Within each stand type, correlations of the δ13CLW and δ18OLW chronologies with TRWres chronologies were significant or marginally significant and of negative sign (Table 2). δ13CLW and δ18OLW chronologies were not significantly correlated with each other within or across stand types (Table 2).
Table 2. Pearson's correlation coefficients (r) and P-values (in parentheses) of the relationship between the chronologies of residual tree-ring widths (TRWres) and carbon isotopic composition of latewood (δ13CLW), TRWres and oxygen isotopic composition of latewood (δ18OLW), and δ13CLW and δ18OLW from 1967 to 2007. δ13CLW values were corrected according to Francey et al. (1999) and McCarroll & Loader (2004). Chronologies from each stand type as well as the averaged chronology across stand types are considered
TRWres versus δ13CLW
TRWres versus δ18OLW
δ13CLW versus δ18OLW
Significant values (P < 0.05) are highlighted in bold.
Both stand types
Relationships with climatic variables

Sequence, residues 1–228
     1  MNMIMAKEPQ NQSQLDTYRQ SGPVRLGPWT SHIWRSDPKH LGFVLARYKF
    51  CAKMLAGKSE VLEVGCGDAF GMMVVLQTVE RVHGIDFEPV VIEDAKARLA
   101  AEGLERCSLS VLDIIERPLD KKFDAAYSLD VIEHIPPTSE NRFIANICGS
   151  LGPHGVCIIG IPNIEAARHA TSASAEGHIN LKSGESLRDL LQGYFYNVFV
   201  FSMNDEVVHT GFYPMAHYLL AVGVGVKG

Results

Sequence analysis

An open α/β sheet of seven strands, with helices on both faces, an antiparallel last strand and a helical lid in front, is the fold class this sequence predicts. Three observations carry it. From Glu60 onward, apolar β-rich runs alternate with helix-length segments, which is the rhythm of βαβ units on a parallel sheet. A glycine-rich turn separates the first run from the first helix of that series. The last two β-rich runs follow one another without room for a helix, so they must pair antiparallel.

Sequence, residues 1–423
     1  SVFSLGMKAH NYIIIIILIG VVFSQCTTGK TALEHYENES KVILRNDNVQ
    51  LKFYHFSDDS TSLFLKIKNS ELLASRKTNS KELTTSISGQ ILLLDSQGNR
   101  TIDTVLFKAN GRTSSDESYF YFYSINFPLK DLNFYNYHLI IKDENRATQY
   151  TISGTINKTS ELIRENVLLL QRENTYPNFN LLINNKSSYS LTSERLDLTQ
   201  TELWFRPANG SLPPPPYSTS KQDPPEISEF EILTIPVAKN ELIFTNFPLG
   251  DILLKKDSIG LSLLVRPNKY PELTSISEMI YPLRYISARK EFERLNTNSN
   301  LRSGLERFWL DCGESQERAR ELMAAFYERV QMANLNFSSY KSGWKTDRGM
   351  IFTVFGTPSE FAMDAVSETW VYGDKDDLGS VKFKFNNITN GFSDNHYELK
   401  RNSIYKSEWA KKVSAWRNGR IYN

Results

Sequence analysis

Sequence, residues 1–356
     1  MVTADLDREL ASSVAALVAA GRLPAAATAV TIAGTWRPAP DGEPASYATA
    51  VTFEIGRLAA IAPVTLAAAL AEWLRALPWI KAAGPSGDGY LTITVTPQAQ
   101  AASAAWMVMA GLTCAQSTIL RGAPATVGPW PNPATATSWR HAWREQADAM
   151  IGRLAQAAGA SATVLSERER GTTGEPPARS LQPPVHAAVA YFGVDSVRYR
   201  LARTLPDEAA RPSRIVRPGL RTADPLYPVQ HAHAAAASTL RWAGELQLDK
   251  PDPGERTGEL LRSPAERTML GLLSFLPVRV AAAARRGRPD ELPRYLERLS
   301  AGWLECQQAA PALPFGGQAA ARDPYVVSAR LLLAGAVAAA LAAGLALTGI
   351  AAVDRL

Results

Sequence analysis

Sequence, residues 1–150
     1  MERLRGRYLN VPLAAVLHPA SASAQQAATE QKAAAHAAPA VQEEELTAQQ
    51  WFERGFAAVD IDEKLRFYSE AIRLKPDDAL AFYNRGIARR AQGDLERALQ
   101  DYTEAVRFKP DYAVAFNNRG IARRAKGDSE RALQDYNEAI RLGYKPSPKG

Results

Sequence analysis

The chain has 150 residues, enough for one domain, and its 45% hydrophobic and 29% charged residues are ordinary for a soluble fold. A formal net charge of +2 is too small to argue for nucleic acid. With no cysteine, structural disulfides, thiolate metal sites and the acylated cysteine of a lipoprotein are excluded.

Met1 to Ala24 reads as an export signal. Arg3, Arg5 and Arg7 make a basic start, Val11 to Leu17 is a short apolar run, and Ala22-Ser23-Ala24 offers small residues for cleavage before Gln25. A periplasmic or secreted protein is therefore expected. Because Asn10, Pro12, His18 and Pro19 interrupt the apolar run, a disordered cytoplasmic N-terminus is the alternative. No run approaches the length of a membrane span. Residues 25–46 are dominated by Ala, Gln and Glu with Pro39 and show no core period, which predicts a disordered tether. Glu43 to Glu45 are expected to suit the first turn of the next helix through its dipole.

Tree-ring chronologies (TRWres, δ13CLW and δ18OLW) from both stand types showed similar correlation patterns with meteorological variables for the 1967–2007 period. TRWres was strongly positively correlated with precipitation in both stand types (Figs 3a & 4a). TRWres was particularly strongly correlated with precipitation of the whole hydrological year (from October of the previous year until September of the current year) in both stand types. TRWres was also strongly affected by water availability during spring months, as shown by tight correlations with total precipitation of spring (April–June; Figs 3a & 4a). Relationships of TRWres with temperature and atmospheric VPD were not significant, but they were mainly of negative sign (Figs 3a & 4a). In both stand types, TRWres was marginally negatively correlated with VPD of July (Figs 3a & 4a), thus indicating that tree-ring growth in P. halepensis is also influenced by weather conditions during the summer months. Minimum temperature of January (the coldest month; Fig. 1) was marginally positively correlated with TRWres (r = 0.300, P = 0.057, n = 41 in open woodland stands; r = 0.299, P = 0.058, n = 41 in afforested stands), thus suggesting that mild winter temperatures enhance radial growth in P. halepensis.